Quite simply, is the RAM module responsible for generating its own operating voltage or does it just run at whatever voltage the motherboard is providing?

I am imagining that it could either communicate its need to the motherboard which regulates to that voltage, or internally switches to generate the required voltage from whatever source voltage it has access to.

If the motherboard supplies a fixed voltage, what limits are there on compatibility in the 1.35-1.5V range? i.e. 1.5V supply to 1.35V RAM and 1.35V to 1.5V RAM.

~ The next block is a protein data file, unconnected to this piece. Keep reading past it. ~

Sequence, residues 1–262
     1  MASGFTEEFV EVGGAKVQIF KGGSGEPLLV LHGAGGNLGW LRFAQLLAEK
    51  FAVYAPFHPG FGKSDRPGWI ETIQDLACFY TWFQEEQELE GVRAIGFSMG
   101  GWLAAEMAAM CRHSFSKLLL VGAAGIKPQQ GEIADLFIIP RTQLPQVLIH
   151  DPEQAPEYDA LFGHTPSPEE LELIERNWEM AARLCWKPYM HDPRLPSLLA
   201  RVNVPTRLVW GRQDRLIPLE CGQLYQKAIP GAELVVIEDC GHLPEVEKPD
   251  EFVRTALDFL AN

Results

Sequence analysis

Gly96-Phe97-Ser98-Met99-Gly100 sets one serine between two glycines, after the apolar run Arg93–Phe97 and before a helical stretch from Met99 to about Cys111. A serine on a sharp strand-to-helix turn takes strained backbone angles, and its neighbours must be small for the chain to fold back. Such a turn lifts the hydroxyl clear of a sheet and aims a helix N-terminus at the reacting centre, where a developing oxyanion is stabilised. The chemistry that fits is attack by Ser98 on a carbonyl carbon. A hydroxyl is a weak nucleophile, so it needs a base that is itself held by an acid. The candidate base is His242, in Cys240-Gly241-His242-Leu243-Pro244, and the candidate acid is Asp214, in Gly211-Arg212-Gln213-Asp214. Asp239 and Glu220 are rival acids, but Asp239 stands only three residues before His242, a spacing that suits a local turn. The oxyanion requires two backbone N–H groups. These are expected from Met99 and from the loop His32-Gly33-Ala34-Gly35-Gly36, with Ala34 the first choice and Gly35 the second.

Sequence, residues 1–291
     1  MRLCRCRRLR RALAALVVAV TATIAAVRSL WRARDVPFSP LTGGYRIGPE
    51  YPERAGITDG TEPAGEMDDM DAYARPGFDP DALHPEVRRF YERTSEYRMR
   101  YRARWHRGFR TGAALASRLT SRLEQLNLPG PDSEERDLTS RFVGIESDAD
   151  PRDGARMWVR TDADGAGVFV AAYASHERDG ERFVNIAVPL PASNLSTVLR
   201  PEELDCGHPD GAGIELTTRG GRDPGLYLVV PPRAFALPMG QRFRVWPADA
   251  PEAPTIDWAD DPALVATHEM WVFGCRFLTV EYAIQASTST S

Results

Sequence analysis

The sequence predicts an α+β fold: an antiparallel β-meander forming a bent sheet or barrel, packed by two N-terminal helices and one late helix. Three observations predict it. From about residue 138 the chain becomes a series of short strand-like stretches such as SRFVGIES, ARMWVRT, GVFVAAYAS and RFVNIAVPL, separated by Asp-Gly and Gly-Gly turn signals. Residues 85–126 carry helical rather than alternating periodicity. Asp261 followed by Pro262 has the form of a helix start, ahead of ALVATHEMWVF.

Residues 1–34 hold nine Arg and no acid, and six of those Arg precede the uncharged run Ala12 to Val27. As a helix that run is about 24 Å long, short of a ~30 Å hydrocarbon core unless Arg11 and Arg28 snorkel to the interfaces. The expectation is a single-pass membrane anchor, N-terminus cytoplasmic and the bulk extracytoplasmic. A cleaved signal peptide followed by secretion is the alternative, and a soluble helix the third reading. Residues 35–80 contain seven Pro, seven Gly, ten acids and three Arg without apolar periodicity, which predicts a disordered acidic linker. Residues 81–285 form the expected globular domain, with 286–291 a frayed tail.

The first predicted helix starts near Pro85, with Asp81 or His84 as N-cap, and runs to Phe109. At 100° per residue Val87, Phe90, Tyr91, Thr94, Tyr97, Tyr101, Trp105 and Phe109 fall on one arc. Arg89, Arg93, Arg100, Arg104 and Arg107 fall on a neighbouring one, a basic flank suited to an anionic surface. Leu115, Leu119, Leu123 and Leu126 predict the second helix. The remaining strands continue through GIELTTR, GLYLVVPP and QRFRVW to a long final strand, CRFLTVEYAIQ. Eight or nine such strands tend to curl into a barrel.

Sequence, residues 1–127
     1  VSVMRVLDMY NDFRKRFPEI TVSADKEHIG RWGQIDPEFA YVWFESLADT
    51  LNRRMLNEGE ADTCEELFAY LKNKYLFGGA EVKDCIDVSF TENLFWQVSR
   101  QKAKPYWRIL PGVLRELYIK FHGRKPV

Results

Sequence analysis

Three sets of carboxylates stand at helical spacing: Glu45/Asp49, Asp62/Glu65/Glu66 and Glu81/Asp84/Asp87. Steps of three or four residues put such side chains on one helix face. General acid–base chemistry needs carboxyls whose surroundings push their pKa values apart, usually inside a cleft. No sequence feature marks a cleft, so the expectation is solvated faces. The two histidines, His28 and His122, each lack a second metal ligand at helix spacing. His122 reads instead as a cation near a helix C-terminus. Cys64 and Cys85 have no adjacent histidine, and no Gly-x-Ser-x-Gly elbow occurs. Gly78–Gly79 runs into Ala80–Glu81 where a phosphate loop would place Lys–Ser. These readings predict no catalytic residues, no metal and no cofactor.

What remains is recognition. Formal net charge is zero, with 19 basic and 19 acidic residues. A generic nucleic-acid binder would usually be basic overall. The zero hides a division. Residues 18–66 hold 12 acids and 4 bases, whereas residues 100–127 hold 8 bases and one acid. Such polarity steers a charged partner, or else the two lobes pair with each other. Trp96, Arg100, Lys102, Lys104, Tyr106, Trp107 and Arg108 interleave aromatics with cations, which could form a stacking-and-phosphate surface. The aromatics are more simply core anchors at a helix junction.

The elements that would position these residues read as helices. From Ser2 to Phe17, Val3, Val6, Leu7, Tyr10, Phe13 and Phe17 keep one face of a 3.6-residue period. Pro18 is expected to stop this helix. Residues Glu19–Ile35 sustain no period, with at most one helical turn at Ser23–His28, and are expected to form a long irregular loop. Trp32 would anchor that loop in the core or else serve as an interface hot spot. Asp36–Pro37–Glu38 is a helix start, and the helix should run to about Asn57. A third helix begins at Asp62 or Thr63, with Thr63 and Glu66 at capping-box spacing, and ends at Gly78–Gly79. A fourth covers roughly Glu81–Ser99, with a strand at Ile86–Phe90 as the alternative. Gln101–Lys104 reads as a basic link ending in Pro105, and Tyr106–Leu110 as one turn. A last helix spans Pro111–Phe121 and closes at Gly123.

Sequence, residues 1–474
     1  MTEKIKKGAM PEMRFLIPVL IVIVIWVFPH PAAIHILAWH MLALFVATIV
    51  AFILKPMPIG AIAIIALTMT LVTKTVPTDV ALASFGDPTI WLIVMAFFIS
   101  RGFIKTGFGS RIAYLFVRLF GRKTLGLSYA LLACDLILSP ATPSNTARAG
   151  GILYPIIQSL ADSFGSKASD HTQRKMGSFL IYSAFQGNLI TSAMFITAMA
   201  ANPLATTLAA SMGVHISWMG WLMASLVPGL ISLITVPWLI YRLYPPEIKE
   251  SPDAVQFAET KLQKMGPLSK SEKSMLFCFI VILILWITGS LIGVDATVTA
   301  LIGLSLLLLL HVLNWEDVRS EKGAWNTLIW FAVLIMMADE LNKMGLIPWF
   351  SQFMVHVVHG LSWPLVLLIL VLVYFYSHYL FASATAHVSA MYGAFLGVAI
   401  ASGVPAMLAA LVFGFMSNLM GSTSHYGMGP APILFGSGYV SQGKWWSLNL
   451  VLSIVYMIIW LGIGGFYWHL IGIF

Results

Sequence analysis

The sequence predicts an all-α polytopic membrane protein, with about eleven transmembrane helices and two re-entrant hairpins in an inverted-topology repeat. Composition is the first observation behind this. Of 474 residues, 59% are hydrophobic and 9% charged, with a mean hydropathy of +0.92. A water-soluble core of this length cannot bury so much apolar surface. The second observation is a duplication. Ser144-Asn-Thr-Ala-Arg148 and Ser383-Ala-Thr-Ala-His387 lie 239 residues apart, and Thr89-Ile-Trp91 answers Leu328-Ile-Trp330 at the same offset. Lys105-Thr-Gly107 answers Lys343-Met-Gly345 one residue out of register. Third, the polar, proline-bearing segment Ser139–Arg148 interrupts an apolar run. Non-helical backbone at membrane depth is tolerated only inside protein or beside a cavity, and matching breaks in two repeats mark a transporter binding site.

• 2
    For (almost all?) memory the motherboard supplies the power and sets the voltage. The timing and voltage may be chosen based on the information stored on modern DIMMs. But for regular PC memory (e.g. DDR 1/2/3) the voltage is supplied by the motherboard.
    – Hennes
    Sep 30 '14 at 12:57
  • 1
    RAM consumes but doesn't generate electricity.
    – Tyson
    Sep 30 '14 at 13:30
  • @Tyson when I say 'to generate the required voltage' I don't mean it creates its own electricity, I just mean it develops a voltage level by selectively consuming the voltage available to it from the motherboard.
    – J Collins
    Sep 30 '14 at 14:10

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